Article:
A Guide to Growing Guava Trees in Pots

A Guide to Growing Guava Trees in Pots

3 minute read

Growing Guava Trees in Pots


If you are curious about growing guava trees at home, but don’t have a lot of garden space, growing guava trees in pots might just be the solution you're looking for. These tropical delights can thrive in pots with the right care and attention. Here's your guide to nurturing these delectable fruits in a container or a pot.


Choosing the Right Container: Select a container that's spacious enough for the guava's root system to develop. For a young premium sized tree, a pot with a diameter of at least 12" is recommended. Ensure it has lots of drainage holes to prevent waterlogging, which can harm the plant's roots.


Ideal Soil and Planting: Guavas prefer well-draining soil with a slightly acidic to neutral pH (5.0-7.0). Use a mix of garden soil, perlite, and compost for optimal growth, or our DIY Primo Potting Mix. Plant your young guava plant in the center of the pot, ensuring the roots have enough room to spread. Soils that are high in salts can be problematic for guavas and should be avoided.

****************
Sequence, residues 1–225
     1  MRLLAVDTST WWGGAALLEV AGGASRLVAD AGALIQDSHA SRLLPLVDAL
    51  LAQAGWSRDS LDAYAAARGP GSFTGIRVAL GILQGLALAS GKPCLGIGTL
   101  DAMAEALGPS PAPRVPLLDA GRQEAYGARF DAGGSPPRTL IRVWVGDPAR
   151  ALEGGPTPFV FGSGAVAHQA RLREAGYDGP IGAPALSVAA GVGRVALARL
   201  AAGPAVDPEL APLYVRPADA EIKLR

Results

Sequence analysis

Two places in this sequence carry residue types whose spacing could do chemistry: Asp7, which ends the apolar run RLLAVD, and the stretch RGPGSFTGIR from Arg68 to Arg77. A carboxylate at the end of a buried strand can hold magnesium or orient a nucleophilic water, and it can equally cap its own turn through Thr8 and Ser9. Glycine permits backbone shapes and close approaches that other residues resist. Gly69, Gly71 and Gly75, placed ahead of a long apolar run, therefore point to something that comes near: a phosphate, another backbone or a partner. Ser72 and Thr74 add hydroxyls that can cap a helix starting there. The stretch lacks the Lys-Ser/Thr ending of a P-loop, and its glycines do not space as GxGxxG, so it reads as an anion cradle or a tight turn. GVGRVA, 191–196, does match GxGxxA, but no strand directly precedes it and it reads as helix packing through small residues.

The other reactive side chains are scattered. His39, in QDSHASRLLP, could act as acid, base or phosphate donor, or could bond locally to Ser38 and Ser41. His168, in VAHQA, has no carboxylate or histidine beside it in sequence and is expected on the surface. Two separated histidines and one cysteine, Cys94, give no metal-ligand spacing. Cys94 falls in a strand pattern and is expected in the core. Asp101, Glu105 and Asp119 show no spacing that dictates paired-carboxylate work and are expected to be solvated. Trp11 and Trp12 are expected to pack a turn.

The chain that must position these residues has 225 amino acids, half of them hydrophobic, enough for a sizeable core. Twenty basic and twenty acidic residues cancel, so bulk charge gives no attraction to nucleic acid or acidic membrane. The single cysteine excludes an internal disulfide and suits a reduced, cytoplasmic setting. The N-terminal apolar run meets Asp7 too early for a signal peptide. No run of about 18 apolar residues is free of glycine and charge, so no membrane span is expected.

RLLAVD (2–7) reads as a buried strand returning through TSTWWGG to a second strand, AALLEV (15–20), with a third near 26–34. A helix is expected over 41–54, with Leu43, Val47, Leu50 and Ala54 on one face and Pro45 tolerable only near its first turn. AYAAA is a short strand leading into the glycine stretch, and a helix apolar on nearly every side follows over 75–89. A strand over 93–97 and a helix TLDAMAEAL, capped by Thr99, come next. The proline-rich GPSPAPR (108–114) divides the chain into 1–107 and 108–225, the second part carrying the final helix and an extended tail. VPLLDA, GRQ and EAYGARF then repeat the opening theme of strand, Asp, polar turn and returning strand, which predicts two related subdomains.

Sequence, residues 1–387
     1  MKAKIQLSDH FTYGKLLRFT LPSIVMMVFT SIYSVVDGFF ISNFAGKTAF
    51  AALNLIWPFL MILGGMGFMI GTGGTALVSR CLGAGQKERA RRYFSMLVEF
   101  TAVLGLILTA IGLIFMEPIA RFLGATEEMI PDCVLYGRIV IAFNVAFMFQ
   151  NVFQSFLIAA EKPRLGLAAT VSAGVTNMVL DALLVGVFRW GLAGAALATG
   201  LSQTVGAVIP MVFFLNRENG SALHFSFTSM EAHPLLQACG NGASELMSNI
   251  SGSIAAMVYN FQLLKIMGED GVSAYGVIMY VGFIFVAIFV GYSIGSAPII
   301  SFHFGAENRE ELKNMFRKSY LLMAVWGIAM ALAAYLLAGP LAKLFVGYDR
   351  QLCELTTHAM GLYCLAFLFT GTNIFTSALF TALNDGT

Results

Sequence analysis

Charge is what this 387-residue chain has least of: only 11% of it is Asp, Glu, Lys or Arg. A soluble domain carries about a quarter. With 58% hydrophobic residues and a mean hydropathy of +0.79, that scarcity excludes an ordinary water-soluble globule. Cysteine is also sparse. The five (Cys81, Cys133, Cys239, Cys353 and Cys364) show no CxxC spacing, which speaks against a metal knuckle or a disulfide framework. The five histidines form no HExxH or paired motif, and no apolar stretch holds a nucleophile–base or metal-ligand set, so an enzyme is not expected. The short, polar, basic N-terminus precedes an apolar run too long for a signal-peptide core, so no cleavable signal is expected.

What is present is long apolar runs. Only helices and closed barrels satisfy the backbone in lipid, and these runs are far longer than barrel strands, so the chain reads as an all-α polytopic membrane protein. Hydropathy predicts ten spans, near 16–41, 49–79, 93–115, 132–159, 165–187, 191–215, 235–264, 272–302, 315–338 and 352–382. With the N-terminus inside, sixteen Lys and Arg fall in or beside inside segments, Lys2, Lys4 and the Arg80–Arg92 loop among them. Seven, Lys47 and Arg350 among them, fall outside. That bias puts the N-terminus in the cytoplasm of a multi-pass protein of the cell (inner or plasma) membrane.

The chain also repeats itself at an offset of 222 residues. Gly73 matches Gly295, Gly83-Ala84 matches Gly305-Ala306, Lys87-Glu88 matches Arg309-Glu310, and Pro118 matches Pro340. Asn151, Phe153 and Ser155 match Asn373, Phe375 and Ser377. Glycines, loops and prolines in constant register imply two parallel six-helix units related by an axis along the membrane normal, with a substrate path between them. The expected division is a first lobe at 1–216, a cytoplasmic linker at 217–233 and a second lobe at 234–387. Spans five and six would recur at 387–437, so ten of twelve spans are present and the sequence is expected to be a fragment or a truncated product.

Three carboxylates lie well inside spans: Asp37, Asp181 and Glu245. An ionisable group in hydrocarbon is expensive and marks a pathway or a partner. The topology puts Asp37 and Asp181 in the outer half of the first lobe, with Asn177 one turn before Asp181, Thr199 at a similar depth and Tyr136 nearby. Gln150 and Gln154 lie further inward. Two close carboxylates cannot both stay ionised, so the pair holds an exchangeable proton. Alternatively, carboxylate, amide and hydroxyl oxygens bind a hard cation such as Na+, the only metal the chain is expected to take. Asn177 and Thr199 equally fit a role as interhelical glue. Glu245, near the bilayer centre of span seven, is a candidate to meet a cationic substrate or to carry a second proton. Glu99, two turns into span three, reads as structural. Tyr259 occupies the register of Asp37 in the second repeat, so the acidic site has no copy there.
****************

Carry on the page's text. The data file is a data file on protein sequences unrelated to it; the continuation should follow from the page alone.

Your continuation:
Sunlight Requirements: Guava trees thrive in full sunlight. Place your plant in a location that receives at least 6-8 hours of sunlight daily. However, be careful to protect the plant from harsh midday sun in hotter climates to prevent leaf burn. You can protect your plant with a shade structure or IV Organics Plant Guard.


Watering and Maintenance: Maintain regular watering, especially during the growing season. Water deeply when the top inch of soil feels dry, but ensure excess water drains away. Mulching can help retain moisture and regulate soil temperature.


Fertilization: Fertilize your guava plant with a balanced fertilizer monthly during the growing season (spring and summer) to promote healthy growth. Make sure to fertilize after heavy pruning. Follow the instructions on the fertilizer packaging and avoid over-fertilizing, as it can damage the plant.


Pruning and Training: Regular pruning helps maintain the plant's shape, encourages branching, and improves fruit production. Remove dead or diseased branches and prune for size control. Additionally, you can train your guava into a particular shape, like a bush or a small tree, by selective pruning.


Pests and Diseases: Monitor your plant for common pests like aphids, scale insects, or fruit flies. Treat infestations promptly with organic solutions or insecticidal soap. Additionally, ensure good air circulation around the plant to prevent fungal diseases. It may also be necessary to control ants that are crawling on the guavas. Boric Acid Ant Baits can be an effective ant control.


Harvesting Guavas: Patience is key when waiting for your guava plant to bear fruit. Depending on the variety, it may take a year or two for the plant to mature and produce fruit. Guavas typically ripen on the tree and are ready for harvest when they emit a sweet aroma and feel slightly soft when gently pressed.


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